Where an older, more experienced woman might have no use for this charismatic loser, Jeanne falls under his spell immediately, and finds herself unable to break away. She feels a powerful sexual infatuation. Once she tastes the wild, boundary-pushing, transgressive, passionate sexual experience that Paul offers, she can’t stop herself. She recognizes that Paul is bad for her, but she keeps coming back for more.
That’s why I don’t feel the disgust that many others do at the way Paul treats her. There’s a slight ambiguity about consent in some of the sex scenes, especially the butter scene, where Jeanne weeps. But from the first encounter, Jeanne never tells him to stop. She’s willing to experience what he’s dishing out and she’s not truly afraid that he’ll hurt her (in fact, Paul is far more scary and cruel when he interacts with his mother-in-law).
The “demeaning” aspect is more to do with Paul’s shocking language than with his physical brutality. In fact, he can be tender, as in the scene where he bathes Jeanne after she arrives soaked to the skin. The deliberate de-romanticizing of their relationship is counteracted by their moments of intimacy, though Paul usually reacts to these by reverting to corrosive scatological jokes.
Paul’s agony and his need to dominate a female sexual partner is fully explained. He meets and seduces Jeanne immediately after discovering the body of Rosa, his suicidal wife, in a bathtub full of blood. In later scenes we learn that he passionately loved the beautiful Rosa, but she was a serial cheater who (more or less) gouged his heart out and served it to him on a stick.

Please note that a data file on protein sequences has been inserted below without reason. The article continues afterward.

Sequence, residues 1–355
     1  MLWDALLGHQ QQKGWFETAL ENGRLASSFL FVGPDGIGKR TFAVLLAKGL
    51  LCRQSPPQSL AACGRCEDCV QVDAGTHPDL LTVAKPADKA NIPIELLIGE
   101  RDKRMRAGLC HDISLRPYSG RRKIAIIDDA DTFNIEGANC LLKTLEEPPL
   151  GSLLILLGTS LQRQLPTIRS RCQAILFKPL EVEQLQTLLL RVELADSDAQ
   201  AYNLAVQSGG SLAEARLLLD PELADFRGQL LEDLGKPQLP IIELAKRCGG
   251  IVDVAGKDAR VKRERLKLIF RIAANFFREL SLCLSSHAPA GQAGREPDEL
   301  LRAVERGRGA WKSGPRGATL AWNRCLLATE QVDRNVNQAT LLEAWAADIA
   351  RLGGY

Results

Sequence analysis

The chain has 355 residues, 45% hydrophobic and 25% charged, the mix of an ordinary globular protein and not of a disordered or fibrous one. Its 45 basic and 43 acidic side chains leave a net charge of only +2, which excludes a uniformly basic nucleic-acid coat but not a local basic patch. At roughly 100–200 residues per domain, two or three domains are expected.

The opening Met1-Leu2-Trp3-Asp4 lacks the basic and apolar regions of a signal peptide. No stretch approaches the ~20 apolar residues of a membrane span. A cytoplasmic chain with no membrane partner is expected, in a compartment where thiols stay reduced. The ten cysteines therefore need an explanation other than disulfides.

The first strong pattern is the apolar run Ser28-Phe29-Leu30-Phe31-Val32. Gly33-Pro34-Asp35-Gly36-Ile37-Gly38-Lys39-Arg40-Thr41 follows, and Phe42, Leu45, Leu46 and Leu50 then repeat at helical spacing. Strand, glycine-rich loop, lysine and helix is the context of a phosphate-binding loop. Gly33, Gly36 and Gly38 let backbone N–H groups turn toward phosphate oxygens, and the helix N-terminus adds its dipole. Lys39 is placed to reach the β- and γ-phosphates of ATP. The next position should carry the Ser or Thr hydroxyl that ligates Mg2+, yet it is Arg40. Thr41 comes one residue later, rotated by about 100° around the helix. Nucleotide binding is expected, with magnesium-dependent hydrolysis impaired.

The decrepit flat where he meets Jeanne is a sealed bubble, and even in a sense a comforting womb, where he can regress to an animalistic or infantile state, losing himself in his body, hooting like an ape, and shutting away the outside world. It’s ironic that Paul’s safe space is the space of experimentation and danger for Jeanne. But by the film’s end, the bubble collapses. Paul tells Jeanne:
I’m forty-five, a widower, I’ve got a little hotel, it’s kind of a dump, but it’s not completely a flophouse. And, I used to live on my luck, and then I got married, and my wife killed herself. What the hell, I’m no prize…
After this self-revelation, the spell is broken. The tango scene for which the film is named takes place in the outside world, as Paul attempts to refashion their anonymous relationship into something workable outside the bubble. The artificiality of the tango dancers, and his own grotesque dance with Jeanne, points toward his inevitable failure.
The moment of truth comes when Paul follows Jeanne to her apartment even though she shouts “NO!” at him over and over. Ironically, now that he is a lover in earnest, he crosses the line into creepiness. Her explicit lack of consent means nothing in the face of his newfound love, his desire to reveal himself at last. He forces his way into the flat where she lives with her parents. And where her father’s service revolver still sits in a drawer.
It may have been Roger Ebert who said that one or the other of these two had to die. I’m glad it wasn’t Jeanne, for in the hands of a lesser director, she surely would have been the victim. And I think this is a truly great film.